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email: Mitch Kay
MV Meccanica Verghera Ltd repairs and restores MV Agusta and Gilera motorbikes
In a Classic Racer exclusive, Meccanica Verghera throw open the doors to the workshop that gave birth to the British built MV triple
Mark Kay with the MV triple frame
The Kay Built MV triples
An article by Malc Wheeler for Classic Racer (2010).
For the last two seasons, classic enthusiasts have been able to enjoy the sight and perhaps more importantly sound of the three cylinder 350 and 500 cc MV being raced in anger once again, thanks to the skill and dedication of British engineers par excellence, Mark and Dave Kay.
Despite delighting thousands of fans as has always been the way in motorcycle racing, the MV race effort, headed by former race ace and long time classic sponsor Brian Richards, has attracted its share of doubters and critics. In an effort to put the myth and rumour to bed, the father and son Kay equip opened the doors to their workshop and gave Classic Racer unrestricted access to the reincarnation of the legendary MV.
Mark and Dave Kay show ua their workshop to dispel the myths surrounding the British built MV triple
THE ULTIMATE TEST
Mark Kay could be Italian. When he talks about the MV three built in his small, but superbly equipped workshop, his eyes sparkle and a satisfied smile is never far from his lips.
And when he lifted the lid on his creation for Classic Racer, his enthusiasm goes up three gears.
The first outing in anger for the 500cc version was at the 2008 Manx Grand Prix, with TT rising start Gary Johnson aboard and despite not making the finish, it acquitted itself very well.
Despite the lanky Johnson carrying a knee injury, which necessitated four inches of extra padding on the seat making for a very un-aerodynamic combination, he shattered the classic lap record in practice, after very few miles on the MV, and was leading the race comfortably when the ignition failed. For 2009 Manx GP regular and one of the UK’s top classic racers, Alan Oversby was enlisted to pilot not just the 500 but also the newly finished 350-3.
In fact so new was the Junior mount that Brian Richards collected the bike from the Kay workshop on Wednesday morning, put 20 laps on it around Mallory Park in the afternoon before heading for the ferry to the Isle of Man the next morning. After a hectic and weather-blighted week of practice, which involved Mark making a dash back to his Midlands based workshop to rebuild a motor, Mona’s Isle did its worst. With both the 350 and 500 classic races being run together, due to the loss of roads closing time, the team had to make the aonising decision of which of the triples to run. Choosing the smaller of the two, Oversby led the Junior race from the start and looked set for a fairy tale victory until the frame boss broke around the right hand footrest and rear brake pivot broke at the bottom of Bray Hill on the final lap. With his foot wedged on the exhaust, and no rear brake, Oversby rode on until a sharp eyed marshall spotted the dangling brake pedal and he was black flagged at Sulby while still leading. With Manx Grand Prix 2010 already the focus of the Kay team’s attention, and Alan Oversby signed to ride both bikes once again, work is already in hand on preparation for what Mark Kay describes as the ‘ultimate test bed for any racing motorcycle’.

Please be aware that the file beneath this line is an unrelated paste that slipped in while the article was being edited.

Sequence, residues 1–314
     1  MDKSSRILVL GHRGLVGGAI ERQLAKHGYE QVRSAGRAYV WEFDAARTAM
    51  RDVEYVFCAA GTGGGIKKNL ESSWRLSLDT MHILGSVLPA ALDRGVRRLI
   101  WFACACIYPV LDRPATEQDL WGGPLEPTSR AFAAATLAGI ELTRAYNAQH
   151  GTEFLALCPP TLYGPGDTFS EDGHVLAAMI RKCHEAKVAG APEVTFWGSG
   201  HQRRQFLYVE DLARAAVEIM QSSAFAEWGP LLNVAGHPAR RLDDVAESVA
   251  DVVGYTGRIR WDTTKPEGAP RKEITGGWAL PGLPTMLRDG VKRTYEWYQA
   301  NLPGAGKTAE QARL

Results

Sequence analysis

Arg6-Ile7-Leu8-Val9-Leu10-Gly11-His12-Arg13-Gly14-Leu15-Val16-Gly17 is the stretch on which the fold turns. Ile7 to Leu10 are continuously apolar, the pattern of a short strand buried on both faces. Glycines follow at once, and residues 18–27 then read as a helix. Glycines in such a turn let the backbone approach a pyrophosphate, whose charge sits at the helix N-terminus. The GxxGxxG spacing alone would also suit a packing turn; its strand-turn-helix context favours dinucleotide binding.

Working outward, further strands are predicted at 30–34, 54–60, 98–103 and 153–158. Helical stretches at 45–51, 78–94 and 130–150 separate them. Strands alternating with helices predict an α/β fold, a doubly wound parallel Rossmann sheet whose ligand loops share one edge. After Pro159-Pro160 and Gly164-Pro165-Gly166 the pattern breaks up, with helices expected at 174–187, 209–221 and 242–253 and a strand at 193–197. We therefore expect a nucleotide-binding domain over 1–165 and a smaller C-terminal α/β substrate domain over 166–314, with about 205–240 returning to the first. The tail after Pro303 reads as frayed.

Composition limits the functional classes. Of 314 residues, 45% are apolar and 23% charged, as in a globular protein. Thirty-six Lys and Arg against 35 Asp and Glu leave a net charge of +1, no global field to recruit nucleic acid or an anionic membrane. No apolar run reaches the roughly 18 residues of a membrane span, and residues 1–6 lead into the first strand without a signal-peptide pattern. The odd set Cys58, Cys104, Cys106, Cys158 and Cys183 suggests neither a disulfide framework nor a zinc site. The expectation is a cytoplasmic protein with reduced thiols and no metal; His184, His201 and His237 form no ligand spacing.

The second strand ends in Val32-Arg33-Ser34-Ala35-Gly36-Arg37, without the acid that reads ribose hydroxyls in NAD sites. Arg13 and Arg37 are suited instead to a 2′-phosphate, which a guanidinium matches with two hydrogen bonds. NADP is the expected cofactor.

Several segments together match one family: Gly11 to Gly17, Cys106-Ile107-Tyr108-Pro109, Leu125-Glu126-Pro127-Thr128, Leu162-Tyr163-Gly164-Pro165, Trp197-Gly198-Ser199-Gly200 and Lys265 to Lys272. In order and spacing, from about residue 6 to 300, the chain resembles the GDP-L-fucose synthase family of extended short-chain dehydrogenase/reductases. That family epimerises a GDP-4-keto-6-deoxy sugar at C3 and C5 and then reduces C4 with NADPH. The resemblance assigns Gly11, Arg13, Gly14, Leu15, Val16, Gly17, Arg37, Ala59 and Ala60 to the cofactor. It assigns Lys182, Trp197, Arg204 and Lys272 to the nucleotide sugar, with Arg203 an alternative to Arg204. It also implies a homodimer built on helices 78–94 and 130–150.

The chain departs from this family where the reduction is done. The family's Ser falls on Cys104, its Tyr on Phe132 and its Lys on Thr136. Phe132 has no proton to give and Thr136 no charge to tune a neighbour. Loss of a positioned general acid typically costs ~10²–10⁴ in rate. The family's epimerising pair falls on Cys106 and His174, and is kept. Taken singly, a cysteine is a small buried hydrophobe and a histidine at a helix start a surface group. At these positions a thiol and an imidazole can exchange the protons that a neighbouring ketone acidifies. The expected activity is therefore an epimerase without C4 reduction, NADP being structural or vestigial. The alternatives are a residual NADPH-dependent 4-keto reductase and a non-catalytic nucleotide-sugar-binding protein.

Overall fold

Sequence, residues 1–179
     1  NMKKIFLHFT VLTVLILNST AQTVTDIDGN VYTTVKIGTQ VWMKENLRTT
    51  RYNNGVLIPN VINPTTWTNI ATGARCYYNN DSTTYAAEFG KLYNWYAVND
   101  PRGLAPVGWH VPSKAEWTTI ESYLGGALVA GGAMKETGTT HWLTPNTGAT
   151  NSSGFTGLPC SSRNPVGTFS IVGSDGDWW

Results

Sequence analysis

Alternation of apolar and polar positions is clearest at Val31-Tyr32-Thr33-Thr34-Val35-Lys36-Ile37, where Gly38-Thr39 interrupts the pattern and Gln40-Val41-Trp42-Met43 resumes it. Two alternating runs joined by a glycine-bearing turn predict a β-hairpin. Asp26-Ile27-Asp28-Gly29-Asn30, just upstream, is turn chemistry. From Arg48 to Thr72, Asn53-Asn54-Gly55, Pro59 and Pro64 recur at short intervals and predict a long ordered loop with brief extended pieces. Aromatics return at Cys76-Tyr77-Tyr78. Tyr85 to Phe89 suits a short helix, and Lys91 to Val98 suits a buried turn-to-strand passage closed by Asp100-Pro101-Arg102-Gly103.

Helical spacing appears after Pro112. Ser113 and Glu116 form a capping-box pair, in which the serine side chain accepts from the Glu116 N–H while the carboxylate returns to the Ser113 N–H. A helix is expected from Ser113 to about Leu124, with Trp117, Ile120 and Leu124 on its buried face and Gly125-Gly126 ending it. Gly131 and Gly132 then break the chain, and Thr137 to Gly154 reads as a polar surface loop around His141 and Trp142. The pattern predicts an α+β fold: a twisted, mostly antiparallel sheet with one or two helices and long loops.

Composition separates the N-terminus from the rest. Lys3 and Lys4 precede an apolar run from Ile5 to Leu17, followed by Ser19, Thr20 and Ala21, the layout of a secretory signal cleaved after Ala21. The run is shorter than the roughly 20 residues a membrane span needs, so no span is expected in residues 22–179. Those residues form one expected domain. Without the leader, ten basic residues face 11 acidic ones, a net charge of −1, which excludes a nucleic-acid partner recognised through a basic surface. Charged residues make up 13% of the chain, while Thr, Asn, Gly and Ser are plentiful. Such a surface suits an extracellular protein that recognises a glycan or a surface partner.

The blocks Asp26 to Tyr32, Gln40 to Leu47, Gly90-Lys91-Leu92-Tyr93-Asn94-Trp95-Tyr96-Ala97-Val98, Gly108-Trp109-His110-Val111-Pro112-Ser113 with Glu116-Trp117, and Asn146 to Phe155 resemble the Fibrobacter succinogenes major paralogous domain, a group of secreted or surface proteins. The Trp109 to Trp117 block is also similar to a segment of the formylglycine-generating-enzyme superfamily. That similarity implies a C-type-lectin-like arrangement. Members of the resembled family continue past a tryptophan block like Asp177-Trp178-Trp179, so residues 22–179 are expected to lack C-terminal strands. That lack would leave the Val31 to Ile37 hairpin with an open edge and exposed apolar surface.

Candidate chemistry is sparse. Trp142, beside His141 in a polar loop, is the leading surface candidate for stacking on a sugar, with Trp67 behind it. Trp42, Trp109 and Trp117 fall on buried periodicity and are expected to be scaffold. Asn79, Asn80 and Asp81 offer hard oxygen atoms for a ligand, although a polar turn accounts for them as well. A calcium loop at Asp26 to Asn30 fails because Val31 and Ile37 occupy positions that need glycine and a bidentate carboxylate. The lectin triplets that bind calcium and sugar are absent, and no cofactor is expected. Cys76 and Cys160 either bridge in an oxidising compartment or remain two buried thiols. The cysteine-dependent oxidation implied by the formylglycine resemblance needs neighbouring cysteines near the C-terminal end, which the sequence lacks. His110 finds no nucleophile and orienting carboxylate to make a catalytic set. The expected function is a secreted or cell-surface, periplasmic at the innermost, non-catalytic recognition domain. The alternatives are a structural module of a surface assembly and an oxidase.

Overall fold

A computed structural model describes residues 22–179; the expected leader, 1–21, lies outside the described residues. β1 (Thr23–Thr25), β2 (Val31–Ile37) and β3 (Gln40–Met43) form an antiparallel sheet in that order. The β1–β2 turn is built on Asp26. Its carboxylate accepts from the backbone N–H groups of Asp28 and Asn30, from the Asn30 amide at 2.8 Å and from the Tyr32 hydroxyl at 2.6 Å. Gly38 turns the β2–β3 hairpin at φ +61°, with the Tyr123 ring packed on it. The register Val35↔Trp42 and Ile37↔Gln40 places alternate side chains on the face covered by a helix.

Mark and Dave Kay open the doors to their workshop to dispel the myths surrounding the British built MV triple
Alan Oversby riding the MV triple on the Isle of Man. Photo - Dave Kneen
THE HEART OF THE MATTER
Finding a 1970 500cc MV three to replicate, was a five year mission for Dave Kay. Eventually a wealthy collector and existing customer of the Kays agreed to allow them to strip amd measure his genuine ex-Agostini MV in return for a complete engine once the project was completed. Work started by stripping the original to its very last nut and bolt. Then came the painstaking task of measuring and making drawings of literally every one of those nuts and bolts. It’s only when you see the stripped engine and gearbox laid out on the bench, or study the photographs on these pages, that you even start to appreciate the time and skill involved before a single manufacturing process could begin. An amazing percentage of the new MV is manufactured in Britain with only ancillary parts such as forks and front brake, which the Kays say needs some attention to get it working at its best, and handlebars, levers and footrest assemblies coming from Italy. Even the rear brake, which was a one-off, built just for the MV in the period, is replicated in the Kay workshop. Magnesium castings, and there is a lot of magnesium on the bike, are made in the south of England, while anything in aluminum is cast just down the road from the Kay workshop. With these back in the Kay workshop, the time consuming and skillful process of machining begins. The crankcases alone take four weeks to finish and this is no nine to five operation. Mark estimates he works 10 to 12 hour days, and the cylinder head two weeks longer to complete. The Kays take great pride in the fact that every one of the parts manufactured for the 500 would fit straight in the genuine 1970 ex-Agostini bike. In fact there are only a couple of small deviations from the original MV factory specification. The pistons, which run in cast iron liners, and are produced by yet another skilled local engineer, have three rings as opposed to the original machine’s two. and the valve guides have a small rubber seal fitted.